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Chapter 6: Process Synchronization

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1 Chapter 6: Process Synchronization

2 Objectives To introduce the critical-section problem, whose solutions can be used to ensure the consistency of shared data. To present both software and hardware solutions of the critical-section problem.

3 Background Concurrent access to shared data may result in data inconsistency Maintaining data consistency requires mechanisms to ensure the orderly execution of cooperating processes Suppose that we wanted to provide a solution to the consumer-producer problem that fills all the buffers. We can do so by having an integer count that keeps track of the number of full buffers. Initially, count is set to 0. It is incremented by the producer after it produces a new buffer and is decremented by the consumer after it consumes a buffer.

4 Producer while (true) { /* produce an item and put in nextProduced */
while (count == BUFFER_SIZE) ; // do nothing buffer [in] = nextProduced; in = (in + 1) % BUFFER_SIZE; count++; }

5 Consumer while (true) { while (count == 0) ; // do nothing
nextConsumed = buffer[out]; out = (out + 1) % BUFFER_SIZE; count--; /* consume the item in nextConsumed }

6 Race Condition count++ could be implemented as register1 = count register1 = register count = register1 count-- could be implemented as register2 = count register2 = register count = register2 Consider this execution interleaving with “count = 5” initially: S0: producer execute register1 = count {register1 = 5} S1: producer execute register1 = register {register1 = 6} S2: consumer execute register2 = count {register2 = 5} S3: consumer execute register2 = register {register2 = 4} S4: producer execute count = register1 {count = 6 } S5: consumer execute count = register2 {count = 4}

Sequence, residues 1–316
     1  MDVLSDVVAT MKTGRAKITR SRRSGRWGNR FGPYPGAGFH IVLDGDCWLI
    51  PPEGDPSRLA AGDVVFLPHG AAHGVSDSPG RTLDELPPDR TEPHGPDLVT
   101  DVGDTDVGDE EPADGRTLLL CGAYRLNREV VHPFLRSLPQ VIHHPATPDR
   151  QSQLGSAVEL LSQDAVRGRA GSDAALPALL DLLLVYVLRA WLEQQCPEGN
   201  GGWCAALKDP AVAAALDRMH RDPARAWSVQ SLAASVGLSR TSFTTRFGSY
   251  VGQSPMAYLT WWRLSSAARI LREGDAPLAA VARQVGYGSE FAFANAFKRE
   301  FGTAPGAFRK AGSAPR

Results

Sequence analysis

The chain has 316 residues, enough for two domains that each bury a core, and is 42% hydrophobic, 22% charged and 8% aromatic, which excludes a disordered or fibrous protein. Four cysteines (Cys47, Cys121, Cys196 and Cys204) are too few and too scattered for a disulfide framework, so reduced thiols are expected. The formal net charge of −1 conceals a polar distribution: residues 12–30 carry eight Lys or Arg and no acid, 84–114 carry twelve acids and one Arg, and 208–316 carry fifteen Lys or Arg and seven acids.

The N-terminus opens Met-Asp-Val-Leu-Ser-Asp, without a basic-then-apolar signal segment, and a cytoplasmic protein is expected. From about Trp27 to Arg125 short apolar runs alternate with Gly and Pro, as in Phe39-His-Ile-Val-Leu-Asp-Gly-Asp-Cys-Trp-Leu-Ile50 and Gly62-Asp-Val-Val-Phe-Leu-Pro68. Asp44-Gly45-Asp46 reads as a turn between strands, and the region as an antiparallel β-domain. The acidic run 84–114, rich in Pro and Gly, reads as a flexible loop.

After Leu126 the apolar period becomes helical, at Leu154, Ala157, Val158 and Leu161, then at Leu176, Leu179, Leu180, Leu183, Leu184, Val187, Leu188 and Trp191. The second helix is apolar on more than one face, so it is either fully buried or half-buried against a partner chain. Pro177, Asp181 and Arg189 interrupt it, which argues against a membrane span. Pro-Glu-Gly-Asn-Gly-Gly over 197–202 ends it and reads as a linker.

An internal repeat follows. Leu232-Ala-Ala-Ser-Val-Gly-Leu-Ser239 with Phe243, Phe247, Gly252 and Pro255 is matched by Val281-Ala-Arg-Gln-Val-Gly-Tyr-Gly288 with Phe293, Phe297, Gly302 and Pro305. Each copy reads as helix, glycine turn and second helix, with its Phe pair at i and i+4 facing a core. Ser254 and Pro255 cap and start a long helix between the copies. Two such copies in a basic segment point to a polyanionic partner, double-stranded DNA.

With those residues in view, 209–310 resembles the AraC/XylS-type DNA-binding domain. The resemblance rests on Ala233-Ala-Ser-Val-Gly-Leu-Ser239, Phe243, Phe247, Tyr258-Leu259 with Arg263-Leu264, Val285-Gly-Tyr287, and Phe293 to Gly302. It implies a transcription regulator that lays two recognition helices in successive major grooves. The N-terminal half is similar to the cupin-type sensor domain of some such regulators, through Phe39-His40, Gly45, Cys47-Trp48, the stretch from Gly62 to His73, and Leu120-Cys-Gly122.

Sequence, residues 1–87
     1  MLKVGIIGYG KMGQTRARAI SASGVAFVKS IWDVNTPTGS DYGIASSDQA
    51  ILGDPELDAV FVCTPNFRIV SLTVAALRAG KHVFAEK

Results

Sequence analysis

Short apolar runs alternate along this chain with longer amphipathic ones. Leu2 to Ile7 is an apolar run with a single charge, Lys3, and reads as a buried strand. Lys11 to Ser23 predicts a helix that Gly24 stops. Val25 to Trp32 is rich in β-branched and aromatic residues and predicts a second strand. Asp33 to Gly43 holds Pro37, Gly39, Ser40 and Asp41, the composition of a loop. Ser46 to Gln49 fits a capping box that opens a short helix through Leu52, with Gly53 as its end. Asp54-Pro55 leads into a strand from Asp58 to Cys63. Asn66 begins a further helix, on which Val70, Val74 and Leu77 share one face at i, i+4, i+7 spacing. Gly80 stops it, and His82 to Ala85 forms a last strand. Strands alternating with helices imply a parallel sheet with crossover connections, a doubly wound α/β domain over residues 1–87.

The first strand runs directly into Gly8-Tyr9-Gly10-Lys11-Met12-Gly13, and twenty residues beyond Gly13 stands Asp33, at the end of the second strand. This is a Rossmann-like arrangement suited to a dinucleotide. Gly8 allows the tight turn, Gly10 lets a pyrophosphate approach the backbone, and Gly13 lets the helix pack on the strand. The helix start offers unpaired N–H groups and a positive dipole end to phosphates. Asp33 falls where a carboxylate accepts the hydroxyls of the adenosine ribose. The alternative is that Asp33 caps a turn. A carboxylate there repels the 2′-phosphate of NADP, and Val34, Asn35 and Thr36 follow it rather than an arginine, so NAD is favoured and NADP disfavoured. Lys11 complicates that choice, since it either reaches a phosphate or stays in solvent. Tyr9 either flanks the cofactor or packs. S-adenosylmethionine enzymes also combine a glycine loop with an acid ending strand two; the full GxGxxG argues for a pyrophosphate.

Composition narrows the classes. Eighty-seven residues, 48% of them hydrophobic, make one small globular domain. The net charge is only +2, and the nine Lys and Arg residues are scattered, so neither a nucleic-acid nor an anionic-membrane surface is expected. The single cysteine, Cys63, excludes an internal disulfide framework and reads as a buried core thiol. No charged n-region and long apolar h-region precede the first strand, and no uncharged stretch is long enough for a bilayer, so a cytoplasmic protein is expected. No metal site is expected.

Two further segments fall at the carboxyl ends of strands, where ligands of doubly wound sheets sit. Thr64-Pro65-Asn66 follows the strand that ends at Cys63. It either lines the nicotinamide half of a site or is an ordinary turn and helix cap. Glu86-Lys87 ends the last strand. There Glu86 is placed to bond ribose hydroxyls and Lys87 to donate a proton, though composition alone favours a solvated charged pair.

7 Critical-Section Problem
When a process executes code that manipulates chared data (or resource), we say that the process is in its Critical Section (for that shared data. A general structure: entry section critical section exit section noncritical section The critical-section problem is to design a protocol that the processes can use to cooperate.

8 Solution to Critical-Section Problem
1. Mutual Exclusion - If process Pi is executing in its critical section, then no other processes can be executing in their critical sections 2. Progress - If no process is executing in its critical section and there exist some processes that wish to enter their critical section, then the selection of the processes that will enter the critical section next cannot be postponed indefinitely 3. Bounded Waiting - A bound must exist on the number of times that other processes are allowed to enter their critical sections after a process has made a request to enter its critical section and before that request is granted Assume that each process executes at a nonzero speed No assumption concerning relative speed of the N processes

9 Peterson’s Solution Software-based solution for two processes.
Warning: There are no guarantees that Peterson’s solution will work correctly on modern computer architectures! Assume that the LOAD and STORE instructions are atomic; that is, cannot be interrupted. The two processes share two variables: int turn; indicates whose turn it is to enter the critical section Boolean flag[2] used to indicate if a process is ready to enter the critical section. flag[i] = true implies that process Pi is ready!

10 Algorithm for Process Pi
while (true) { flag[i] = TRUE; turn = j; while ( flag[j] && turn == j); CRITICAL SECTION flag[i] = FALSE; REMAINDER SECTION }

11 Synchronization Hardware
Solution to the critical-section problem using locks acquire lock critical section release lock remainder section